Thomas W. Comollo, Ph.D.
Thomas W. Comollo, Ph.D., possesses research strengths in both theoretical / computational studies and the experimental (“wet”) laboratory.
Comollo teaches Immunology at Kean University. He also has research experience in structure-based drug discovery / molecular modeling, ion channel molecular physiology and pharmacology. He performed his PhD thesis at Rutgers University – New Jersey Medical School on gamma subunits of voltage gated calcium channels. He performed postdoctoral work at Columbia University – School of Physicians and Surgeons and Rutgers University – New Jersey Medical School were his research included ion channels, electrophysiology and calcium handling in the heart.
More recently, Comollo has performed structure-based drug discovery and enzymatic assays in search of anti-SARS-CoV-2 therapeutics. SARS-CoV-2 is the virus that causes COVID19. This work was done as part of Dr. Comollo’s company he has as a “hobby”, FSDP LLC (https://home.fatsilicodatapharm.com/), and in conjunction with Virendra Pandey’s laboratory at Rutgers University – New Jersey Medical School. Not-for-profit portions of the project were funded by the Gaokerena Institute (https://www.gaokerenainstitute.org/).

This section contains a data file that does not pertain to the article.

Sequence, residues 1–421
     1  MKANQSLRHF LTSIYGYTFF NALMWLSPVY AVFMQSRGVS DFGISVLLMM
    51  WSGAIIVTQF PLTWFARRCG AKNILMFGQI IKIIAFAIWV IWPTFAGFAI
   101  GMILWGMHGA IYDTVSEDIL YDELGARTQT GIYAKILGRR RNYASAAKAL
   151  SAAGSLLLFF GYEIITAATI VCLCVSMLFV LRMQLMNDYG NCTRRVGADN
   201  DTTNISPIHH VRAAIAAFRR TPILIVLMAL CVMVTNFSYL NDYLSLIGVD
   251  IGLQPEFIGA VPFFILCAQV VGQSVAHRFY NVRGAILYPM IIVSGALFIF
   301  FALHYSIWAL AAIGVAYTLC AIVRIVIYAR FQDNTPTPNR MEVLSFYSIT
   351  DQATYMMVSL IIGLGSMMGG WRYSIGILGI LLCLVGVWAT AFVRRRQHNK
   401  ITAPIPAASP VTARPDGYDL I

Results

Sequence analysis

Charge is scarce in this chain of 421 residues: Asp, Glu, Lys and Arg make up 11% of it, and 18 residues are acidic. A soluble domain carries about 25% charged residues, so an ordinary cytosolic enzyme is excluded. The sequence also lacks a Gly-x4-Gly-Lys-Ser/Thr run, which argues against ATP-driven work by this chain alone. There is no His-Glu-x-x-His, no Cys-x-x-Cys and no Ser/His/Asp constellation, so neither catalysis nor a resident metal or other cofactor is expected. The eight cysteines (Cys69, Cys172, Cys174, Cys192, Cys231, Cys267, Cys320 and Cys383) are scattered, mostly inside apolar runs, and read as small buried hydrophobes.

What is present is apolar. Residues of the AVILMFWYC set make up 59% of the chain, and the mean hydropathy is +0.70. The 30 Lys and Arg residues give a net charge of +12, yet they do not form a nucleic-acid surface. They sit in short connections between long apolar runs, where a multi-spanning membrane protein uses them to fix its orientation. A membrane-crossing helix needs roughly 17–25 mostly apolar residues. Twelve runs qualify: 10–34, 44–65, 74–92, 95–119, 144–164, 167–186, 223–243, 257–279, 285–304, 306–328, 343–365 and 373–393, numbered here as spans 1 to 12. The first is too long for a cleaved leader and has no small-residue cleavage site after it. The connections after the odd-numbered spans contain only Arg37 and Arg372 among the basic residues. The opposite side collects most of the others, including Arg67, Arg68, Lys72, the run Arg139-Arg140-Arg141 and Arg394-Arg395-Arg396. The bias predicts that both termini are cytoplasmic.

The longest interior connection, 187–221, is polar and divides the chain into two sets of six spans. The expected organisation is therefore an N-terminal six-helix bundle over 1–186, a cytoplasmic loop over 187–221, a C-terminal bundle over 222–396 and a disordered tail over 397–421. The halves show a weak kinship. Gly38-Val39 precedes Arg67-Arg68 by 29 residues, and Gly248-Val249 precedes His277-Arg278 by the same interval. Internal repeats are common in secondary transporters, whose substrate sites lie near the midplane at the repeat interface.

Comollo has a patent and patent application from drug discovery efforts and has been published in journals such as Biochemistry and Scientific Reports. He believes he can help students to achieve greater things.
Comollo, T.W., 2021. Method for Treating COVID-19 and Related Viral Infections. US Patent Application 17/472,647.
Comollo, T.W., Zhang, C., Zou, X. and Kass, R.S., 2020. Physiology and Molecular Biology of Ion Channels Underlying Ventricular Repolarization of the Mammalian Heart. In Cardiac Repolarization(pp. 3-47). Springer, Cham.
Welsh, W.J., Birge, R., Kholodovych, V., Peng, Y., Comollo, T.W., Kimani, S.G. and Singh, K., Rutgers State University of New Jersey and University of Missouri System, 2020. Aryl and heteroaryl amides for use as anti-proliferative, anti-thrombotic, and anti-viral agents. U.S. Patent 10,851,096.
Kimani, S.G., Kumar, S., Bansal, N., Singh, K., Kholodovych, V., Comollo, T., Peng, Y., Kotenko, S.V., Sarafianos, S.G., Bertino, J.R. and Welsh, W.J., 2017. Small molecule inhibitors block Gas6-inducible TAM activation and tumorigenicity. Scientific reports, 7(1), pp.1-11.
Comollo, T.W., 2018. Molecular Modeling Suggests Homologous 2-APB Binding Sites in Connexins 26 and 32. bioRxiv, p.287326.